Pennsylvania House Speaker Resigns Amid Claims He Hid Member’s COVID-19 Diagnosis
A top member of Pennsylvania’s state Republican leadership is stepping down amid claims his party withheld information concerning a GOP representative’s coronavirus diagnosis.
Pennsylvania House Speaker Mike Turzai announced Wednesday he is leaving the Legislature before his term ends in November.
Turzai, who had previously declared he would not seek reelection, announced his departure two weeks after Rep. Andrew Lewis publicly disclosed he was diagnosed with novel coronavirus and had been in self-isolation.
The same day Lewis went public with his diagnosis, Democratic Representative Brian Sims posted a video on Facebook in which he accused House GOP leadership of purposefully withholding knowledge of Lewis’ infection for about a week or longer.
Sims, throughout the course of the 12-minute recording, lambasted House GOP leaders for not disclosing the diagnosis while they simultaneously attempted to fast-track the state’s plan to reopen the economy. Sims also revealed in the video that in January he donated a kidney and was waiting to acknowledge the procedure publicly until after his November election.
“I just spent the better part of 11 weeks sitting across the room from people who would eventually test positive and decided not to tell us,” Sims said in the video. “They did some kind of quarantine. They did do some kind of contact tracing. They — I guess being Republican leadership.”
Lewis in an online statement said his last day in the Capitol was May 14, he was tested on May 18 and his results came back positive on May 20. Although he began self-isolation protocol and contacted the Human Resources Department, House Democratic leadership was not made aware of Lewis’ coronavirus status until May 27.
Pennsylvania’s COVID-19 death toll has reached more than 6,000 and the national death toll stands at more than 112,000, according to the Johns Hopkins University tracker. Lewis, who has since recovered from the virus, said in the statement he withheld his test results out of respect for the colleagues he may have exposed and his family.
“Now that I have fully recovered and completed the quarantine as required by the Department of Health, I feel now is the appropriate time to share this information with the public and my constituents,” Lewis said in the statement. “I look forward to being a resource in sharing my experiences with COVID-19 and helping our community navigate this crisis together.”
After Lewis’ announcement, Rachel Levine, Pennsylvania’s Secretary of Health, joined Sims and a chorus of Democratic state lawmakers in calling for Turzai’s resignation. Sims and other Pennsylvania Democrats also demanded Pennsylvania Attorney General Josh Shapiro’s office investigate the matter.
The Centers for Disease Control and Prevention recommend anyone aware of their own exposure to COVID-19 who may have exposed others in the workplace to the virus should immediately be separated from all other individuals and sent home. Workers who develop symptoms outside of work should stay home and notify their supervisor.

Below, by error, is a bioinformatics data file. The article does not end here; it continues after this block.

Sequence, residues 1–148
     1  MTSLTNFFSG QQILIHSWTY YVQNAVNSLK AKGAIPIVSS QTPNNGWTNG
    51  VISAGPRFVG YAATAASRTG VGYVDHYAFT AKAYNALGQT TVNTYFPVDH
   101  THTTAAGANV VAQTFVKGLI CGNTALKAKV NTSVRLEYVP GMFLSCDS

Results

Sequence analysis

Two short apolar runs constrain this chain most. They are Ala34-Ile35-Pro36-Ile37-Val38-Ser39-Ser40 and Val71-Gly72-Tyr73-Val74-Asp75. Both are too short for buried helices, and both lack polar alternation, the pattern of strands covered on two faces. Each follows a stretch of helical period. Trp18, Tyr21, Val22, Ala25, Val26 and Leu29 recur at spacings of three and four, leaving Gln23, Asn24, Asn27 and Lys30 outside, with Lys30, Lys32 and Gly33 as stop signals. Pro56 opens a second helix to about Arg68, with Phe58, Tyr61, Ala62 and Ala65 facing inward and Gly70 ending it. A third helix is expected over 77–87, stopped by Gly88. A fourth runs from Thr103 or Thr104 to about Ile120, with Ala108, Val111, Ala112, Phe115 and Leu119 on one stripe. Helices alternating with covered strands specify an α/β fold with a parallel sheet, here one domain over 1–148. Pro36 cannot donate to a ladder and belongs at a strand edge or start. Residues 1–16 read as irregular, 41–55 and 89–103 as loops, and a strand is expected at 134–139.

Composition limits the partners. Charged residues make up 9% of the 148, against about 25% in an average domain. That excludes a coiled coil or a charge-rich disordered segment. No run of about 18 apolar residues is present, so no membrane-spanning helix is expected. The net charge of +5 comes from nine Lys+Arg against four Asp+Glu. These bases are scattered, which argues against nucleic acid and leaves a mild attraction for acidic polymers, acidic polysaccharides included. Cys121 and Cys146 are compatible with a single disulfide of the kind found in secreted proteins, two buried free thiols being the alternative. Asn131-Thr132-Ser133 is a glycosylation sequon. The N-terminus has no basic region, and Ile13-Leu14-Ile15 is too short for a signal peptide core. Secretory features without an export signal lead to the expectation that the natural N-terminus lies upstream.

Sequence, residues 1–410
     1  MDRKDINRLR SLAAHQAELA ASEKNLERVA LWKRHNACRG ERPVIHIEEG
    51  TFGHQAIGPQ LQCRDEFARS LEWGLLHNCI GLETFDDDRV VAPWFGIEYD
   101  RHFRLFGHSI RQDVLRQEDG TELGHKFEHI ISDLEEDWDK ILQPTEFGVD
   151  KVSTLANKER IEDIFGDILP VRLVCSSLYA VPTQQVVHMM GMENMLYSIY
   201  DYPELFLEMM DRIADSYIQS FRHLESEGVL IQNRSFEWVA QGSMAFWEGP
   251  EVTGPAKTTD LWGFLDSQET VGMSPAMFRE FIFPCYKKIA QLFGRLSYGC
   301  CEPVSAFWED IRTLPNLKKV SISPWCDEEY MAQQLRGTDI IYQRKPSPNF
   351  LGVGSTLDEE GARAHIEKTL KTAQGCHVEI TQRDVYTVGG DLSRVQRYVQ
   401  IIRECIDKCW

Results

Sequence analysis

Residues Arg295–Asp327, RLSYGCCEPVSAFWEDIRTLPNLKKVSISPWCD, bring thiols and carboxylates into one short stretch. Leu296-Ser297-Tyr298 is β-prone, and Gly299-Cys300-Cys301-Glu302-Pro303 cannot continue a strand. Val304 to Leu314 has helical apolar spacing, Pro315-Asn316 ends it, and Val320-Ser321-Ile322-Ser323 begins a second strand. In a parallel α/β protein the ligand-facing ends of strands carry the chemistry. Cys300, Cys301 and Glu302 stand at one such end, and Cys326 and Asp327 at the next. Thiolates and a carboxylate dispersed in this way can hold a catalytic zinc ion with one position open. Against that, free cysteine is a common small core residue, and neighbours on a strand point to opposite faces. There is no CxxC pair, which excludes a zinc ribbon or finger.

The only states with more confirmed cases of coronavirus than Pennsylvania are California, New Jersey, New York, Massachusetts and Illinois, according to the Johns Hopkins tracker. Pennsylvania’s Democratic Governor Tom Wolf renewed the state’s emergency disaster declaration, allowing state agencies to continue to set aside resources for regions where businesses and public areas are beginning to reopen.
Although he was pleased to hear of Lewis’ recovery, House Democratic Leader Frank Dermody said the Republican’s lack of communication put congressional leaders — and by extension their families — at risk.
“This attitude shows a fundamental lack of respect for fellow lawmakers, our staff, and our families back home,” Dermody said in the statement. “On their behalf, we are demanding more answers about this than we’ve received thus far.”
In The News
TOPEKA, Kan. --Today, Kansas Gov. Laura Kelly announced that the Kansas Commission for the Deaf and Hard of Hearing, in collaboration with the Kansas Department for Children and Families, is making visible personal protective equipment available to deaf and hard of hearing individuals, their family members,... Read More
As Americans head to the polls more divided than ever on social and economic issues, there's one thing they're actually coming together on: cannabis. Much has been made of whether a victory for Democratic nominee Joe Biden, or a potential liberal sweep in the Senate, could bolster marijuana... Read More
LOS ANGELES — Mail-in ballots are pouring in by the millions to election offices across the country, getting stacked and prepared for processing. But before the count comes the signature test. Election workers eyeball voter signatures on ballots one by one, comparing the loop of an "L"... Read More
WASHINGTON — The Supreme Court on Wednesday turned down an appeal from North Carolina's Republican leaders, leaving in place rulings that require the counting of late-arriving ballots as long as they were in the mail by Election Day. The 5-3 decision had the effect of upholding actions by the North Carolina board of elections... Read More
WASHINGTON — Arkansas Gov. Asa Hutchinson was the special guest this week at the Meridian International Center, a non-partisan center for diplomacy and global leadership. While sharing his perspective on the upcoming election and U.S. leadership in 2021, Hutchinson also devoted some time to how COVID... Read More
A federal judge has prohibited the rejection of absentee ballots in South Carolina on the basis of a perceived mismatch of the voter's signature and ordered a review of any ballots already set aside due to alleged signature discrepancies. In a ruling handed down Tuesday, U.S.... Read More